Be The Match
|The Need for Donors
Thousands of patients with leukemia and other life-threatening diseases need a bone marrow or umbilical cord blood transplant and depend on the Be The Match Registry(R) to find a match -- someone like you.
We all have the power to help, the power to give hope.
Finding a Match: The Basics
For a successful transplant, a patient needs a matching donor. Special testing determines whether a patient and a bone marrow donor or umbilical cord blood are a good match. The closer the match, the better for the patient. Seventy percent of people do not have a matching donor in their family. They depend on Be The Match Registry, the world's largest and most diverse listing of potential marrow donors, to find that life-saving match.
Race and Ethnicity Matter
Because the markers used in matching are inherited, patients are more likely to match someone from their own race or ethnicity.
One searching patient knows this reality all too well. Unlike most 15-year-old girls, Taylor John isn't eagerly anticipating her 16th birthday. She has severe sickle cell anemia and a marrow transplant is her best hope for a cure. But there is no matching donor in her family or currently on the Be The Match Registry. And because of the progression of the disease, doctors say Taylor may run out of time if a match isn't found before her 16th birthday, which is this August.
A Match For Every Patient: Hope For Every Family
Taylor and thousands of other patients count on the Be The Match Registry, and its 8 million potential volunteer donors who stand ready to donate to someone in need. While many patients do find the life-saving match they need each year, more donors are needed, especially those from racially and ethnically diverse communities.
"By joining the Be The Match Registry you're not just potentially helping me, but also the thousands of other patients like me who don't have a match. Everyone has the power to potentially save a life," says patient Taylor John.
Adding more donors and cord blood units from diverse racial and ethnic backgrounds to the Be The Match Registry increases the likelihood that all patients will find the match they need. Your heritage can make all the difference. If you are from one of the following communities, you are especially encouraged to join the Be The Match Registry or donate umbilical cord blood:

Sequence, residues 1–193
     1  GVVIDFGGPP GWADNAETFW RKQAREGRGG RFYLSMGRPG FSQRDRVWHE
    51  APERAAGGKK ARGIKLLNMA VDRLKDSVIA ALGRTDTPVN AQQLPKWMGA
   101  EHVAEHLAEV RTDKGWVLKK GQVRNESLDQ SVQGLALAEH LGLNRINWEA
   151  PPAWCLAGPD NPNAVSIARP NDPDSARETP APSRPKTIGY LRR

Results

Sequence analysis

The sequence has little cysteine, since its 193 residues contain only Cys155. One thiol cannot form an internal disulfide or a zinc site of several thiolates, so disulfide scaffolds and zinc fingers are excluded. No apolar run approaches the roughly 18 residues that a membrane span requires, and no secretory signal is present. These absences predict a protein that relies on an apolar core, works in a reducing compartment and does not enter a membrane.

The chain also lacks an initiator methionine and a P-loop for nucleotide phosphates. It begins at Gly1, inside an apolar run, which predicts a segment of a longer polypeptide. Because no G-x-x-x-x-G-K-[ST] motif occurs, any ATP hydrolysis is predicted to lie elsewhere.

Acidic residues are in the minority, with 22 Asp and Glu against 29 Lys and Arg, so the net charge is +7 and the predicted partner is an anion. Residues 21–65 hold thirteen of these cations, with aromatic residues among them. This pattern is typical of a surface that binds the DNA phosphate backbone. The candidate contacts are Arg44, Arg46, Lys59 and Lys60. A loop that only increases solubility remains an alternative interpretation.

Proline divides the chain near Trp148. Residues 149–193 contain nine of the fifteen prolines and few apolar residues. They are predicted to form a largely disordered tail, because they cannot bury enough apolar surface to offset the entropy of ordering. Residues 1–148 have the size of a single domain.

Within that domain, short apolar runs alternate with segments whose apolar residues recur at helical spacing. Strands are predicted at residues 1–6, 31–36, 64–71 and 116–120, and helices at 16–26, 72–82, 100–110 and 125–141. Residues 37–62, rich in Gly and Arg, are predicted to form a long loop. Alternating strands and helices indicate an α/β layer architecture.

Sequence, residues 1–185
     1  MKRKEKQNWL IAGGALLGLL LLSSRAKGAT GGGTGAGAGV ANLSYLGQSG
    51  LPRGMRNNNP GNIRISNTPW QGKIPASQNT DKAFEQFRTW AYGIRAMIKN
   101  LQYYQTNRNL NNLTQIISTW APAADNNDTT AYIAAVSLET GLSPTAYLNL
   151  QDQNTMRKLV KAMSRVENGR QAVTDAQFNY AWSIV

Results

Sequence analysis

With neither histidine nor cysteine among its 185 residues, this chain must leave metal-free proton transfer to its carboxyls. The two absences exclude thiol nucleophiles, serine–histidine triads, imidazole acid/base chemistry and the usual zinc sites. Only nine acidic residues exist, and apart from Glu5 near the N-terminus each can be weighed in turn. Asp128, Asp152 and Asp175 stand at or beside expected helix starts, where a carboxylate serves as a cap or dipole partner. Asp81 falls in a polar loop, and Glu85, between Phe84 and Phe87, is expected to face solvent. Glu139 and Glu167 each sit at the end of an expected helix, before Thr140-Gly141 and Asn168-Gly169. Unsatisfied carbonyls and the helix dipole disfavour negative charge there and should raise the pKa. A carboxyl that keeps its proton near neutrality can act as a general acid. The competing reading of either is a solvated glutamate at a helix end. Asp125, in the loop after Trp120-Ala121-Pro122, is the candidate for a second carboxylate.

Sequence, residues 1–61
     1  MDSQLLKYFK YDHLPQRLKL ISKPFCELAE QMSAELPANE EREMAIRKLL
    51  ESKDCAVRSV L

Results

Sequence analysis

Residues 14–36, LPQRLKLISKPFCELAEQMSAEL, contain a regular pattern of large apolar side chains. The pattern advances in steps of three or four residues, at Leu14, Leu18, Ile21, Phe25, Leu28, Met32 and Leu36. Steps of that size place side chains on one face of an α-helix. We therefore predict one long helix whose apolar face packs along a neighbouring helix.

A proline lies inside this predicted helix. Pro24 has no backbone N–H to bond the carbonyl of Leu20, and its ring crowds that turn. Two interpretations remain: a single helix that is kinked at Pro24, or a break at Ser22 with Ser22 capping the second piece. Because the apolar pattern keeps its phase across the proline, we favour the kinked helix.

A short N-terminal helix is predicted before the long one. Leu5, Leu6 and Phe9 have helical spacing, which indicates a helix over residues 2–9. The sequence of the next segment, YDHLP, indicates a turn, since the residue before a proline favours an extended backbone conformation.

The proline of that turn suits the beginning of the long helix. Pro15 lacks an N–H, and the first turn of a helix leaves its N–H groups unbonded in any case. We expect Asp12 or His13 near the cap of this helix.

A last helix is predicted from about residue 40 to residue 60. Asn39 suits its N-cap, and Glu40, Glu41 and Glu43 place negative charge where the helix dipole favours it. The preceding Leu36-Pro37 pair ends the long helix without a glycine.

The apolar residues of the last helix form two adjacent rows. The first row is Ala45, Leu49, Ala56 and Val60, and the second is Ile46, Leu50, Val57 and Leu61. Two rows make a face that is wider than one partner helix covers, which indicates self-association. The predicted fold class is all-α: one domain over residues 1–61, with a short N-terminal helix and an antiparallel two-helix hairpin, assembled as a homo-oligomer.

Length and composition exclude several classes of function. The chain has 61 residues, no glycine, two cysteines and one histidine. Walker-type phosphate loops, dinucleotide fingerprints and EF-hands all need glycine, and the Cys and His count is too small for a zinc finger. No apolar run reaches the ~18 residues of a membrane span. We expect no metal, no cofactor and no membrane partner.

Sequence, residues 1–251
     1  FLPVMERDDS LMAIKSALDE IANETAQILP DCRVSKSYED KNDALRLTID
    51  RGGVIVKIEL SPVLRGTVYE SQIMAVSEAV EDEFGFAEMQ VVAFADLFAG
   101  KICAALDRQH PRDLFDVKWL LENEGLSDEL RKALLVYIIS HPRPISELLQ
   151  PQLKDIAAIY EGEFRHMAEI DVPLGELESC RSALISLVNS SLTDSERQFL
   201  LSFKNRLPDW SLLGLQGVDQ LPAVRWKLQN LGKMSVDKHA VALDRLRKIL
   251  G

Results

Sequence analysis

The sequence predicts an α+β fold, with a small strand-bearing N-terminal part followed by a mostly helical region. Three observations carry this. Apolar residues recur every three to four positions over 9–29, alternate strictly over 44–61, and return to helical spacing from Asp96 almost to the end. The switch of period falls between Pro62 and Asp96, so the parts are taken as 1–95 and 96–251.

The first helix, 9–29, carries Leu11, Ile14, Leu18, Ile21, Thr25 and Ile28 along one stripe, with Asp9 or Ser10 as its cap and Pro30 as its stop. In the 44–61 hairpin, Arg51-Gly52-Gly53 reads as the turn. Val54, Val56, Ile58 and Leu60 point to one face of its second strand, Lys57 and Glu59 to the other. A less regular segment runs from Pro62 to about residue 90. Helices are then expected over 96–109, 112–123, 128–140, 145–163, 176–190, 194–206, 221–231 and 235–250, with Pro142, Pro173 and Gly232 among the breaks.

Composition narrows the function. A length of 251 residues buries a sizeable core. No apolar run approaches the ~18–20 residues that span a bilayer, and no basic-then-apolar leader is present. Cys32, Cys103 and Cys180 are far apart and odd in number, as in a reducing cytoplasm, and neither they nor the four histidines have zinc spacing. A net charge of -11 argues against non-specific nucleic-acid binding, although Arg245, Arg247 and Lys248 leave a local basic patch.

> Black and African American
> American Indian and Alaska Native
> Asian, including South Asian
> Native Hawaiian and other Pacific Islander
> Hispanic and Latino
> Multiple race
Those joining the registry need to stand ready to become marrow donors if they get the call. Committed registry members are part of a community unlike any other. Each member has the power to save a life.
Who We Are - About Be The Match
Be The Match(R) is a movement that engages a growing community of people inspired to help patients who need a marrow or umbilical cord blood transplant. Be The Match offers the public an opportunity to get involved by joining the Be The Match Registry, donating umbilical cord blood, contributing financially or volunteering time.
Every year, thousands of patients with leukemia and other life-threatening diseases need an unrelated marrow or cord blood transplant. Many of them will die unless they get a bone marrow or cord blood transplant from a matching donor. Seventy percent of people do not have a donor in their family and depend on the Be The Match Registry, operated by the National Marrow Donor Program(R) (NMDP), to find a match.
When their 10-year-old daughter Laura was diagnosed with leukemia, Robert Graves, D.V.M., and his wife Sherry were ready to do anything they could to save her. They agreed to try a bone marrow transplant from an unrelated donor - the first ever for a leukemia patient.
Laura received her transplant in 1979 at the Fred Hutchinson Cancer Research Center. The treatment gave her an extra year and a half of life.
And it inspired Dr. Graves to launch a quest to create a national registry of volunteers willing to donate bone marrow. His early efforts brought together other patient families and transplant doctors, spurring a federal mandate that led to the creation of the National Marrow Donor Program. We began connecting patients with unrelated donors in 1987 with a registry of just 10,000 volunteers.
One of those patients was 6-year-old Jason. He received his bone marrow transplant in 1987, the year the National Marrow Donor Program began matching patients with donors.
Out of a registry of 10,000 members, Lori Groen was a match, and she was committed and ready to give Jason the chance to grow up. Because of her marrow donation, he's alive to tell his story today.
Our registry - now called the Be The Match Registry - has grown to more than 8 million donors and more than 100,000 cord blood units, the largest and most racially and ethnically diverse registry of its kind in the world.
Medical advances are making marrow and umbilical cord blood transplants available to more patients all the time. Since we began operations in 1987, we have facilitated more than 40,000 transplants to give patients a second chance at life. Today, we facilitate more than 4,800 transplants a year.